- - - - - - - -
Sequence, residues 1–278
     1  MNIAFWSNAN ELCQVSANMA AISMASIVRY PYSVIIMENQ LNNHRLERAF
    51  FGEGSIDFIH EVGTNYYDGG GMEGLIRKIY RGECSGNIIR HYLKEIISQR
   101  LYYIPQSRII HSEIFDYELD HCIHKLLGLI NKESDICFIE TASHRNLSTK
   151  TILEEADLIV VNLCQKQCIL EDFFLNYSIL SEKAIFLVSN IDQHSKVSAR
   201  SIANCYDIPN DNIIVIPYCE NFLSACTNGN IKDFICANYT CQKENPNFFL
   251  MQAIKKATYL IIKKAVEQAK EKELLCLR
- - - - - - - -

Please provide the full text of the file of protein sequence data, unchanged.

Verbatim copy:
Sequence, residues 1–278
     1  MNIAFWSNAN ELCQVSANMA AISMASIVRY PYSVIIMENQ LNNHRLERAF
    51  FGEGSIDFIH EVGTNYYDGG GMEGLIRKIY RGECSGNIIR HYLKEIISQR
   101  LYYIPQSRII HSEIFDYELD HCIHKLLGLI NKESDICFIE TASHRNLSTK
   151  TILEEADLIV VNLCQKQCIL EDFFLNYSIL SEKAIFLVSN IDQHSKVSAR
   201  SIANCYDIPN DNIIVIPYCE NFLSACTNGN IKDFICANYT CQKENPNFFL
   251  MQAIKKATYL IIKKAVEQAK EKELLCLR